Daylight Saving Time begins at 2 a.m. on Sunday

(Brian Davis/95.3 MNC) You’ll want to remember to turn your clocks ahead one hour Saturday night before you go to bed, because at 2 a.m. on Sunday, March 8, Daylight Saving Time begins.

Clocks will need to be manually set ahead, although most personal electronics, including mobile phones and tablets, tend to do so automatically.

Daylight Saving Time, called “Summer Time” in other places of the world, is designed to move an hour of daylight from the daytime into the evening, and it’s not limited to just the U.S. as many other nations do the same thing, but on different dates.

Some “Fun Facts” about Daylight Saving Time:

  • Daylight Saving Time was first conceived by none other than Benjamin Franklin, during his time as a delegate in Paris, France in 1784. Franklin detailed his thoughts in an essay called “An Economical Project”. Some of Franklin’s friends, inventors of a new type of oil lamp were so impressed by the idea that they stayed in touch with Franklin after he returned to the United States.
  • The first serious advocacy for the concept was in Great Britain, by London builder William Willett, who penned a pamphlet entitled “Waste of Daylight” (1907). Willett wanted clocks advanced by 20 minutes each of the four Sundays in April, and then moved back 20 minutes on four Sundays in September. His idea was largely ridiculed.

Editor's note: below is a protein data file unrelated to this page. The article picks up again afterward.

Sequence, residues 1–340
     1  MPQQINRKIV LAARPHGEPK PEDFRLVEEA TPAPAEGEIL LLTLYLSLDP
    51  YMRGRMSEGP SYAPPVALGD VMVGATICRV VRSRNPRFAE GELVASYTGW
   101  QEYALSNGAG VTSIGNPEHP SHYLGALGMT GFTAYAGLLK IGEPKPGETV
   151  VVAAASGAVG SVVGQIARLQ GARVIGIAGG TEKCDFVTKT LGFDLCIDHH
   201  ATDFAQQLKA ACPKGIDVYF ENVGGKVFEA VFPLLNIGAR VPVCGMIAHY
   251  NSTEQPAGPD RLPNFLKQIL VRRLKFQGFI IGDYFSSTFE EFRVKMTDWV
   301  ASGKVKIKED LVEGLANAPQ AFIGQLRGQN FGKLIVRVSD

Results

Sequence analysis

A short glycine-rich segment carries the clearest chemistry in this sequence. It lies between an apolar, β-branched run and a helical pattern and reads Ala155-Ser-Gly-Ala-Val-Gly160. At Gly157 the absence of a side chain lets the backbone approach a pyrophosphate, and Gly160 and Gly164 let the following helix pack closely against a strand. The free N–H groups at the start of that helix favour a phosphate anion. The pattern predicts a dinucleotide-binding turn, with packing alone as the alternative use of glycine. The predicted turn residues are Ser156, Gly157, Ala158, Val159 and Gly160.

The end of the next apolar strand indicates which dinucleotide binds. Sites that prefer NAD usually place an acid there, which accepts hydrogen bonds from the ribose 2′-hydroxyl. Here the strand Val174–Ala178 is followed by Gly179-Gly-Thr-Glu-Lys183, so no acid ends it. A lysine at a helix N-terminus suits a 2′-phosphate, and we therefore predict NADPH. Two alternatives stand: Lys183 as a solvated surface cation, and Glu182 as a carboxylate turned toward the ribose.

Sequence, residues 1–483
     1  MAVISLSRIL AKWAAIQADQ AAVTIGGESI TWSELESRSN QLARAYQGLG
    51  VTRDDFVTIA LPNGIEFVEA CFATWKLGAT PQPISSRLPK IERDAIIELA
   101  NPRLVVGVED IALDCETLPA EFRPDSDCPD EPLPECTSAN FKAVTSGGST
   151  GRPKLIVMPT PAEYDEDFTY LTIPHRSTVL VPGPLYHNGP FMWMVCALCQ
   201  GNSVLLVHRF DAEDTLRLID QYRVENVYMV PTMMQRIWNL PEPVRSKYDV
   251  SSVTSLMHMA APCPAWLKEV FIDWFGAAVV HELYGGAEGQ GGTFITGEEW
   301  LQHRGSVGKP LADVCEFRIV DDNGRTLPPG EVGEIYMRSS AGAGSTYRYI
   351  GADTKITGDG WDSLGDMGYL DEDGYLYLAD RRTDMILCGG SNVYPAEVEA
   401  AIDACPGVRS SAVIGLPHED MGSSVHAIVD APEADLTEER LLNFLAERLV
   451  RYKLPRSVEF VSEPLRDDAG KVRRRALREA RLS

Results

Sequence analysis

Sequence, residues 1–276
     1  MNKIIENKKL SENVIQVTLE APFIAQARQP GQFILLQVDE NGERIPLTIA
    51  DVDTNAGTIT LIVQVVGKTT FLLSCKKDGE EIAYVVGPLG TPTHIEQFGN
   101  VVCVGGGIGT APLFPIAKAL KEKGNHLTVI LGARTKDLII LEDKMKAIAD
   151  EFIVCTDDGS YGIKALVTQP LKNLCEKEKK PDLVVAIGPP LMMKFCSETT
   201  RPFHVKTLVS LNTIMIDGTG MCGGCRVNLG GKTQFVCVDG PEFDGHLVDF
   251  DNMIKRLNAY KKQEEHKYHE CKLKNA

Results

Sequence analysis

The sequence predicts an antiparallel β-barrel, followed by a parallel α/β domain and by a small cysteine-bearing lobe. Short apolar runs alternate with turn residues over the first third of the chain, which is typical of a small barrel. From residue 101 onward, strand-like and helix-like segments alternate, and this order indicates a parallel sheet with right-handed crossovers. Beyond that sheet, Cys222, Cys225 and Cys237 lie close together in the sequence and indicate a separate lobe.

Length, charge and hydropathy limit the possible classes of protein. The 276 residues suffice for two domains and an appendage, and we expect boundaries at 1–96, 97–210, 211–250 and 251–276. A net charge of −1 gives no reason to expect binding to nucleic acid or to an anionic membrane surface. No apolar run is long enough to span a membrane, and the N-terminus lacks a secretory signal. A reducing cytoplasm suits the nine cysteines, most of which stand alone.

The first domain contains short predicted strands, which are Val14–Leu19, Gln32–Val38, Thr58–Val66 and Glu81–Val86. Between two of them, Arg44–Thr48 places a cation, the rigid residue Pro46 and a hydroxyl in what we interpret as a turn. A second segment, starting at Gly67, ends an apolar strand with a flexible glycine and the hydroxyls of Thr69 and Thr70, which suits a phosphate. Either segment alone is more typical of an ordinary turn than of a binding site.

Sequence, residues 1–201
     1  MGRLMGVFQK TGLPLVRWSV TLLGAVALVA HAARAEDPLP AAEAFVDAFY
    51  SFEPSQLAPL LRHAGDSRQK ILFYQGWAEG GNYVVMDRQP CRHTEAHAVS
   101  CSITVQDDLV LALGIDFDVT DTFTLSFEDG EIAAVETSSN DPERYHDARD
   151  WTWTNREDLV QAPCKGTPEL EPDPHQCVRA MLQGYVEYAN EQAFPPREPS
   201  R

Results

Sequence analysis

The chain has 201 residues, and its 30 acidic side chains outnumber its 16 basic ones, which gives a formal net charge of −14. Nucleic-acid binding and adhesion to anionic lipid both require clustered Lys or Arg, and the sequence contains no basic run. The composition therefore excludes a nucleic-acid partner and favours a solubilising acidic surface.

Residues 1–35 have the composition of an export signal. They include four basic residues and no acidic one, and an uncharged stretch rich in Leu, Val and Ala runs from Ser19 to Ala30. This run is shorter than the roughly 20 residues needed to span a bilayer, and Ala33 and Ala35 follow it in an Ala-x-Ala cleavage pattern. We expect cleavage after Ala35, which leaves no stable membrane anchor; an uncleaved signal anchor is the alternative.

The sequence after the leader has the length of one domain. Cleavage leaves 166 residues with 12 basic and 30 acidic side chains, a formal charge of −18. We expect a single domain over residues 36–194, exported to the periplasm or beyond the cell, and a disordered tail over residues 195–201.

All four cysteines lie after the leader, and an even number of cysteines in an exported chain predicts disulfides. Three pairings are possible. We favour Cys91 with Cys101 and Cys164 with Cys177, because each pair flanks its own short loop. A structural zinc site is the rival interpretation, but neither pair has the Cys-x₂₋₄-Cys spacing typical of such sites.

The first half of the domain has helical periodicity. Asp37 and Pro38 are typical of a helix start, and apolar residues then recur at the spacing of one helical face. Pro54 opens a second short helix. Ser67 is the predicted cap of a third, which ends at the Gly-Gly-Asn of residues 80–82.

• Germany was the first country to enact Daylight Saving Time. Following Germany’s lead, the British Parliament enacted “Summer Time” in 1916 to a storm of opposition and protest.
  • Daylight Saving Time was first adopted in the United States in 1918, during World War I. It continued through World War II with a focus on productivity for war time. During the Energy Crisis of the 1970’s Daylight Saving Time played a role in conservation efforts across the U.S.
  • Proponents of DST generally argue that it saves energy, promotes outdoor leisure activity in the evening (in summer), and is therefore good for physical and psychological health, reduces traffic accidents, reduces crime or is good for business.
  • Opponents argue that DST disrupts our circadian rhythms, negatively impacting our health, that it increases fatal traffic accidents, that the actual energy savings are inconclusive, and that DST increases health risks such as heart attack. Farmers have tended to oppose DST.
  • One final trivia fact: Daylight Saving Time is not enacted in Countries on and near the equator. There’s no need to because their day and night times don’t vary much as more Northern or Southern nations do, due to the tilt of the axis of the Earth’s rotation.

Love it or hate it, when you wake up Sunday morning, it’ll be here. And just around the corner – Spring.

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